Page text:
Blog QnA

What is the difference between MLA and MLC?

Written by prachur

This answer was originally written by shri Yogesh Unhale and published here as written.

“Indian polity is federal in nature with a central government while having elected governments at state levels also. At both federal as well as state level, polity is bicameral with two houses of legislature. A the central level they are called as Rajyasabha (Upper House) and Loksabha ( Lower House), Along similar lines are Vidhan Sabha (Lower House) and Vidhan Parishad (Upper House) at state level. Elected representatives of Vidhan Sabha are called MLA while those nominated to Vidhan Parishad are called MLC. There are many similarities between MLA and MLC though there are differences as well. Let us take a closer look.

MLA stands for Member of Legislative Assembly and is an elected representative of the constituency from where he fights election. He is elected directly through adult suffrage by the voters. On the other hand MLC stands for Member of Legislative Council and is either a nominated member of the legislature or elected by a restricted electorate like teachers and lawyers. While MLA represents his constituency and works for the development of his area, MLC is a member of legislature who is mostly chosen from experts and influential people in different walks of life.
Another difference between an MLA and MLC is that MLC’s are considered to be wiser and knowledgeable than MLA’s. While MLA’s from ruling party propose bills, they are deliberated upon by MLC’s just as they are reviewed by members of Rajyasabha at the center. However, MLC’s, together with MLA’s are referred to as members of state legislature and have same status in the polity.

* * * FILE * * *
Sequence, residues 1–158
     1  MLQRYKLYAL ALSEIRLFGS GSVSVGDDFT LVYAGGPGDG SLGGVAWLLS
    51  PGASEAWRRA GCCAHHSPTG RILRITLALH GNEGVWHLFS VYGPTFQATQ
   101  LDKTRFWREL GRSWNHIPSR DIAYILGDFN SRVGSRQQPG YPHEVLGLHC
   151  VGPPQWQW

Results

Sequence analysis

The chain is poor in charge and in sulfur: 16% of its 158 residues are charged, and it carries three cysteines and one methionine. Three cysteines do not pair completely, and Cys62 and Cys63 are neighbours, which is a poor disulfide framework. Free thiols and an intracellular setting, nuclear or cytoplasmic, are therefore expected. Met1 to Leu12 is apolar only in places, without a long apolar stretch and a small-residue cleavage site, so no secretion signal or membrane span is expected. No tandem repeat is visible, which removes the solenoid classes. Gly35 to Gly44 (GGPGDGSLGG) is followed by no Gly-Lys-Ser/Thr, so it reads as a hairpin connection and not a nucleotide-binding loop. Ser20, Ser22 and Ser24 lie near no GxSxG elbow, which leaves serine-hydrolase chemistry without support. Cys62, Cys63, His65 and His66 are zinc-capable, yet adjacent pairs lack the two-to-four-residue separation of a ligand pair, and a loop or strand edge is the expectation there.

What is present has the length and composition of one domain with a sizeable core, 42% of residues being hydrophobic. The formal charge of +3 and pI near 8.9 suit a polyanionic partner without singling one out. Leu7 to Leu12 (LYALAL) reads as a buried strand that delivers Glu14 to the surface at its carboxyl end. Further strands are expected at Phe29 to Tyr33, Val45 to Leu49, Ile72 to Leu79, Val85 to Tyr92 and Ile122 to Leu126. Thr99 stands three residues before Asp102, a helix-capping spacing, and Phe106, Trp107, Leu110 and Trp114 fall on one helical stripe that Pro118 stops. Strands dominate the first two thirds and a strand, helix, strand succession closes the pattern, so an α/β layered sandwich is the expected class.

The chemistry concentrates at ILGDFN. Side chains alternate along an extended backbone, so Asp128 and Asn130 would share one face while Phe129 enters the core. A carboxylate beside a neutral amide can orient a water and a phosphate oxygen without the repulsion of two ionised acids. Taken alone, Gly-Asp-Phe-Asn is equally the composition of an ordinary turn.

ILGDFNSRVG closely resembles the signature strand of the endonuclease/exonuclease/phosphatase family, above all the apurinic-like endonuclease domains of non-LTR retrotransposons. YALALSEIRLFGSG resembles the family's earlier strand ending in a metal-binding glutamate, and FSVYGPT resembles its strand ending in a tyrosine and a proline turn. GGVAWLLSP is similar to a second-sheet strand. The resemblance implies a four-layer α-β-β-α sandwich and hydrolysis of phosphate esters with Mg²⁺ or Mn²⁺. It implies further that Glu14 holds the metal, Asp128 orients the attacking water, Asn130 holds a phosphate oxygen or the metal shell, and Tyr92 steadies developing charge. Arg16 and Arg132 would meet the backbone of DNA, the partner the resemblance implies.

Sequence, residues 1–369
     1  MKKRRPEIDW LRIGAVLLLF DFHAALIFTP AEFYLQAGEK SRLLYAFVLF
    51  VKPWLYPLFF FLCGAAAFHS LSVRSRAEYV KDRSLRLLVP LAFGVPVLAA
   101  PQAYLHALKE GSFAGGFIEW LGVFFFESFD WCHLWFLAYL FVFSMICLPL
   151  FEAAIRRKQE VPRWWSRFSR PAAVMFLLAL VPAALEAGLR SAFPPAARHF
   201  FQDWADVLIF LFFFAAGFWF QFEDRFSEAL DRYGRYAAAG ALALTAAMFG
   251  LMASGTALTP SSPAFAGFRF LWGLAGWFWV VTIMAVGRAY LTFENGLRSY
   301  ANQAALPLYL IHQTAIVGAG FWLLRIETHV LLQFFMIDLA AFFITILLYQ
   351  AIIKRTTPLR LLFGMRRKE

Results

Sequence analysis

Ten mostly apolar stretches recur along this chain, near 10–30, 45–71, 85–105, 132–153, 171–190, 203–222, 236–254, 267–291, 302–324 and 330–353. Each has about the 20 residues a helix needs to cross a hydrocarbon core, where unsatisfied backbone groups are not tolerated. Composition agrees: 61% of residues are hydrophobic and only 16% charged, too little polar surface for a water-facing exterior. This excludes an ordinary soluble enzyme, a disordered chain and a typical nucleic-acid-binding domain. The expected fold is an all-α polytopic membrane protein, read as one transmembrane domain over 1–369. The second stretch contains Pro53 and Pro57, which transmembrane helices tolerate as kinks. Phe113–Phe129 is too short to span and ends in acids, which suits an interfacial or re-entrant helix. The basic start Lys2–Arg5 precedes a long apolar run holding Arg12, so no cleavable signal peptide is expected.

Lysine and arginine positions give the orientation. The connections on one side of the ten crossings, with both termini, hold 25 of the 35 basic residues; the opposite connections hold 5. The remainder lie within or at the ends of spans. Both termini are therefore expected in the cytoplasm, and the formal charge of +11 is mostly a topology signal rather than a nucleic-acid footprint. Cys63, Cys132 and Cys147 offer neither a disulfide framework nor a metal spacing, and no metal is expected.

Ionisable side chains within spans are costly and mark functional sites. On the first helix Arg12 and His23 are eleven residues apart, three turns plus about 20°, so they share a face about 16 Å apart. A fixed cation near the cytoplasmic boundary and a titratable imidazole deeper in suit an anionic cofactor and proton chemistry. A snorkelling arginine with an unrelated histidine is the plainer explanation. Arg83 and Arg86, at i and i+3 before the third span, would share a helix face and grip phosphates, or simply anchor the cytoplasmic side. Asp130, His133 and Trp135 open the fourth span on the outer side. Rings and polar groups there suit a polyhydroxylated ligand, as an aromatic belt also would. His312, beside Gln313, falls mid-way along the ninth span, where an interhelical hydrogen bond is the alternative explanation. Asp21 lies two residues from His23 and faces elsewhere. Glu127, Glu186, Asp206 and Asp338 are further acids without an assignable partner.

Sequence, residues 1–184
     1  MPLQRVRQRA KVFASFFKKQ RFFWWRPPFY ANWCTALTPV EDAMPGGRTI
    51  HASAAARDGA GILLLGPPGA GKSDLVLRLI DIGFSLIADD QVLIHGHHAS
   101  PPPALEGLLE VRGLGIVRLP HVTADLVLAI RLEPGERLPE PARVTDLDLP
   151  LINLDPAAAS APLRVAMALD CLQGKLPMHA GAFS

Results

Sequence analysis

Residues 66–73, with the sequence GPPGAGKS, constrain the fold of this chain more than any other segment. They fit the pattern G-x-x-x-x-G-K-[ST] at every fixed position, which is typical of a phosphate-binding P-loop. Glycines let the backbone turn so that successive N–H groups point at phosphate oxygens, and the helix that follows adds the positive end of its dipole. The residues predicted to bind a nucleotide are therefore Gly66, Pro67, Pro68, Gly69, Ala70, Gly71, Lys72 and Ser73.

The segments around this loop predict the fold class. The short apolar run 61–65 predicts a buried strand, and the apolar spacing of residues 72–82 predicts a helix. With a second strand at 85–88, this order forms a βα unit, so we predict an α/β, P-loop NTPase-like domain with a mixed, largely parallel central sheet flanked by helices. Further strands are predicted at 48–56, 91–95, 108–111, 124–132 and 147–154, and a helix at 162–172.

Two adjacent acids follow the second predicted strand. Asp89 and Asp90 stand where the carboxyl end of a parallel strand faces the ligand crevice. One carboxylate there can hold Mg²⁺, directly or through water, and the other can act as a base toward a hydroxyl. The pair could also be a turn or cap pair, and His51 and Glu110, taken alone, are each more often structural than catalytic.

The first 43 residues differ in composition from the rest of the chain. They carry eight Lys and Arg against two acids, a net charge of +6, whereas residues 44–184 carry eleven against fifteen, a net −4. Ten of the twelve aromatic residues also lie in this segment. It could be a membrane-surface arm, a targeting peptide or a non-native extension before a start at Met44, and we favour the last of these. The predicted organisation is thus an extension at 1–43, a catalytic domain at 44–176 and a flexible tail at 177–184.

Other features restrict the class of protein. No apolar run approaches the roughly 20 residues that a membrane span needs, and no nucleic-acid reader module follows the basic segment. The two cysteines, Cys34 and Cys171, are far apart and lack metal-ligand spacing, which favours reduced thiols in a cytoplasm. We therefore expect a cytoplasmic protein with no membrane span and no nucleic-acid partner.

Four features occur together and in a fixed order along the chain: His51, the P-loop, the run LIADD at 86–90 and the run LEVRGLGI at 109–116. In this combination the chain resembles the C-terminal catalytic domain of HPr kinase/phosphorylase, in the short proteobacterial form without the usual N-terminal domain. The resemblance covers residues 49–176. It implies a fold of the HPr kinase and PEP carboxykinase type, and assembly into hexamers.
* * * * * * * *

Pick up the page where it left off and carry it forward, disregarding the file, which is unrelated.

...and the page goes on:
Normally, members of legislative assembly are preferred over members of legislative council when it comes to government formation and a vast majority of any ministry comprises members of legislative assembly. One notable difference between MLA and MLC’s lies in their power to vote in a vote of confidence. Only MLA’s can take part in this exercise and thus wield considerable clout in the legislature.
There are a few states in India which do not have a bicameral legislature and as such there are only MLA’s and no MLC’s.

In brief:-


• MLA’s and MLC’s are members of state legislatures in India
• MLA’s are elected directly by the voters whereas MLC’s are elected by a restricted electorate comprising teachers and lawyers
• MLA’s propose money bills while MLC’s do not have this power
• MLA’s can participate in a vote of confidence whereas MLC’s do not have this power
• Ministers in a government at the state level are mostly MLA’s while very few MLC’s get a chance to serve as ministers.”

Written by: Yogesh Unhale on Quora.



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